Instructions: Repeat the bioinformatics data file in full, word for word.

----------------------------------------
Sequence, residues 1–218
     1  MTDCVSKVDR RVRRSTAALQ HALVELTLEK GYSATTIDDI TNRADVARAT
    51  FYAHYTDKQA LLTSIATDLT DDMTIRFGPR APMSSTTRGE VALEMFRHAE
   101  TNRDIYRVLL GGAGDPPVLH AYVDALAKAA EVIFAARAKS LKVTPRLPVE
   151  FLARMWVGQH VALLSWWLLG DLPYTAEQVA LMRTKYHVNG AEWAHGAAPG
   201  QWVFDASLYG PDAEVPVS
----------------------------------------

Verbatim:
Sequence, residues 1–218
     1  MTDCVSKVDR RVRRSTAALQ HALVELTLEK GYSATTIDDI TNRADVARAT
    51  FYAHYTDKQA LLTSIATDLT DDMTIRFGPR APMSSTTRGE VALEMFRHAE
   101  TNRDIYRVLL GGAGDPPVLH AYVDALAKAA EVIFAARAKS LKVTPRLPVE
   151  FLARMWVGQH VALLSWWLLG DLPYTAEQVA LMRTKYHVNG AEWAHGAAPG
   201  QWVFDASLYG PDAEVPVS